[K12OSN] PostSession script, rm command and user directories

Meelis meelis at nlib.ee
Fri Dec 15 16:00:24 UTC 2006

Hi Petre !

This is the weird part of them all :
If I manually remove the directory everything is erased and no problems 
Also if I make a seperate command for every dir and file in the script that 
is not removed in the PostSession script they are erased.

For example :

rm -f /home/terminal1/.* <--- all files like .gnome etc. are removed
rm -f /home/terminal1/* <-- all regular files removed
rm -rf /home/terminal1/* <-- all directories that DO NOT contain files are 
removed (note the -R parameter! weird ...)

So if a user creates a directory, then now I can remove it with the 
PostSession script however if it contains files it's not removed. No problem 
like that in old system.

permissions for terminal1 directory
drwx------ 19 terminal1 users 4096 13. dets 11:33 terminal1
it's the systems default permission set when I created a user.

I'll have to try the tar command with parameter -C tomorrow as I'm at home 
now and have no access to my except terminal. So I can't test the 
PostSession script :)

meelis at nlib.ee

----- Original Message -----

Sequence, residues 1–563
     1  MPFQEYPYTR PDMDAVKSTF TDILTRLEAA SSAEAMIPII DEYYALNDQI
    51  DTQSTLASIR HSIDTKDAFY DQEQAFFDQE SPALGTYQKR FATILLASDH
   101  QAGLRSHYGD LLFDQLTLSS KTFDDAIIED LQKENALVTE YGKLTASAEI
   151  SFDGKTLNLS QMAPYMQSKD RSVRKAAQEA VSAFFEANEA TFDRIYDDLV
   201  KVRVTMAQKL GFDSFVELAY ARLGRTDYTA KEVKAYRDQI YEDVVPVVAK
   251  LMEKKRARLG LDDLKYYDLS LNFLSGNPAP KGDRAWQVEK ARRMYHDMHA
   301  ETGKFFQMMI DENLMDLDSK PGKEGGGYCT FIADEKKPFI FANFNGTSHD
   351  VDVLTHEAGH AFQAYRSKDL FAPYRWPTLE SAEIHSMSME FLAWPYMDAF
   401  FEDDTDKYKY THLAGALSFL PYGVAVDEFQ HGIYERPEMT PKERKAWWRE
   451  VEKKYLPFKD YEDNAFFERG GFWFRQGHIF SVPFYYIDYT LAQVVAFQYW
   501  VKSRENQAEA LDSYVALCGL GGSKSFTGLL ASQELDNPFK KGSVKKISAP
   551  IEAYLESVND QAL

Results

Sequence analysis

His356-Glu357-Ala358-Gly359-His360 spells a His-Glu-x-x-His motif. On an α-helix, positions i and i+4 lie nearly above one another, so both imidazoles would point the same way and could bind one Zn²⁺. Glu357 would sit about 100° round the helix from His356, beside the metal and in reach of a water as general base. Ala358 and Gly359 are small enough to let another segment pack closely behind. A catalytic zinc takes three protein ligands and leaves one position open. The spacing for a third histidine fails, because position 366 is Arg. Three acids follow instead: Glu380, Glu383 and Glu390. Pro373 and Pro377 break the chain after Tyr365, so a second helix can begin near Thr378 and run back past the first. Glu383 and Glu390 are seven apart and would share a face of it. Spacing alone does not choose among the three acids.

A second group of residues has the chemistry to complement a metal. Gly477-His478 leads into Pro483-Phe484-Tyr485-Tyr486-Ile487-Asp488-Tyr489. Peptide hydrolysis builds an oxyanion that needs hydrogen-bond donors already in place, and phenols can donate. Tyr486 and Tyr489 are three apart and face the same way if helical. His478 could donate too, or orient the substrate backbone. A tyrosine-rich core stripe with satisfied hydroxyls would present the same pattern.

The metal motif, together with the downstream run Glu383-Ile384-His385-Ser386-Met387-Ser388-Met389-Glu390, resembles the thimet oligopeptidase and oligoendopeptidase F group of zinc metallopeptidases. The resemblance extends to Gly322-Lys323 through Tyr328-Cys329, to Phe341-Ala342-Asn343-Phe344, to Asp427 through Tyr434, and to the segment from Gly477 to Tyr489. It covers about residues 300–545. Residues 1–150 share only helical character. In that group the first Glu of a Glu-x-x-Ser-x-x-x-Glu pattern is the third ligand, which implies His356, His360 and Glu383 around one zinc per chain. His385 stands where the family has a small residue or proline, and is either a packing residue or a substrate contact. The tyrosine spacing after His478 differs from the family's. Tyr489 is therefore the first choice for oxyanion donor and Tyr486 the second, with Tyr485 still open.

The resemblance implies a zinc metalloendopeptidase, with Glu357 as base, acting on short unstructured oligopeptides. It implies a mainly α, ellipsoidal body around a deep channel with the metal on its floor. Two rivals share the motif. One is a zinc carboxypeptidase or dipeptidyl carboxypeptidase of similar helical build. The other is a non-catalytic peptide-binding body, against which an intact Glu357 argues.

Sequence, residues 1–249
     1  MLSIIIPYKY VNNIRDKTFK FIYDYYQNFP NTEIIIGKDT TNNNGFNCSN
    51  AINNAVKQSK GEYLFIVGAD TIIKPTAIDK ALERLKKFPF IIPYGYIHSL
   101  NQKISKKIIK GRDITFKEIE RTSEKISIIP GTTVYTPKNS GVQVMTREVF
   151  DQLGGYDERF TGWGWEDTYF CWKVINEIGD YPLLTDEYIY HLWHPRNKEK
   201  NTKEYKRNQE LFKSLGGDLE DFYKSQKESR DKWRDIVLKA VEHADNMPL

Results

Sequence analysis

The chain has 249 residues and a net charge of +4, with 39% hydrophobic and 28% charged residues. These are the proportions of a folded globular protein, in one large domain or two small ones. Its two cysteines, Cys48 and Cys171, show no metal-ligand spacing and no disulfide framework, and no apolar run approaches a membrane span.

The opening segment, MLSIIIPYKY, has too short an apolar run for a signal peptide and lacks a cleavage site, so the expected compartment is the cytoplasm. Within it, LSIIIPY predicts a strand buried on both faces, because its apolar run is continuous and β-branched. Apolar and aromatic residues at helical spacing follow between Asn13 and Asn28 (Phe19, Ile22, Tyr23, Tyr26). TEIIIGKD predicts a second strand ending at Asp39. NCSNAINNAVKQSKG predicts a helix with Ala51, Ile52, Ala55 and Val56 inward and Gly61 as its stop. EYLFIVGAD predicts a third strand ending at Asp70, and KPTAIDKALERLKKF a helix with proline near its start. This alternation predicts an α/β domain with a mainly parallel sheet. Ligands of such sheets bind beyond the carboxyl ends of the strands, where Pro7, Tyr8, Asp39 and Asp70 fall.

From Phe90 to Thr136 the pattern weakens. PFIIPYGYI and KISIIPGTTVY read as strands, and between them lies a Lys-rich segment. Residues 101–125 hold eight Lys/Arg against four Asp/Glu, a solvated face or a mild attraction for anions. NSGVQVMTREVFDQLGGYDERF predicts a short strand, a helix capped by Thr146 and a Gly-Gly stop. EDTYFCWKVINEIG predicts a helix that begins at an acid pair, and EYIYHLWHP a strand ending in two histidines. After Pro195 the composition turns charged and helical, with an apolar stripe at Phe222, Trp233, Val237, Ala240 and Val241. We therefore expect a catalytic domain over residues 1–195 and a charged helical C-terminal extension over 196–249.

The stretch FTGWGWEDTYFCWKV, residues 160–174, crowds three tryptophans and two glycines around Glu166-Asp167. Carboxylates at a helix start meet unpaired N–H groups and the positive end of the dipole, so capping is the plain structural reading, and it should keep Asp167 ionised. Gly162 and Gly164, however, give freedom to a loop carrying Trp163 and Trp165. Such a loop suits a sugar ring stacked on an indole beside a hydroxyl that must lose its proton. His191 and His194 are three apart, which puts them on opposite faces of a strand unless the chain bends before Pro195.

From: "Petre Scheie" <petre at maltzen.net>
To: "Support list for open source software in schools." <k12osn at redhat.com>
Sent: Friday, December 15, 2006 5:34 PM
Subject: Re: [K12OSN] PostSession script, rm command and user directories

> Having occasionally run into problems with scripts that cd to a directory 
> and then do something, but which create havoc when the cd part fails and 
> so the next step fires off in the wrong directory, I like to specify the 
> full path where the work should be done, all in the same command.  So, 
> rather than cd and then tar, I'd suggest this:
> rm -rf /home/terminal1
> tar -xv /usr/BACKUP/terminal1.tar -C /home
> This way, if /home were missing (which would have all sorts of other 
> implications, but the principle is still valid), the tar won't happen and 
> make a mess all over the root directory or elsewhere.
> As for root not being able to remove the directory that the user creates, 
> something is amiss.  What happens if root manually tries to remove the 
> /home/terminal1 directory from the command line?  What are the permissions 
> on the files and directories that the user creates?
> Petre

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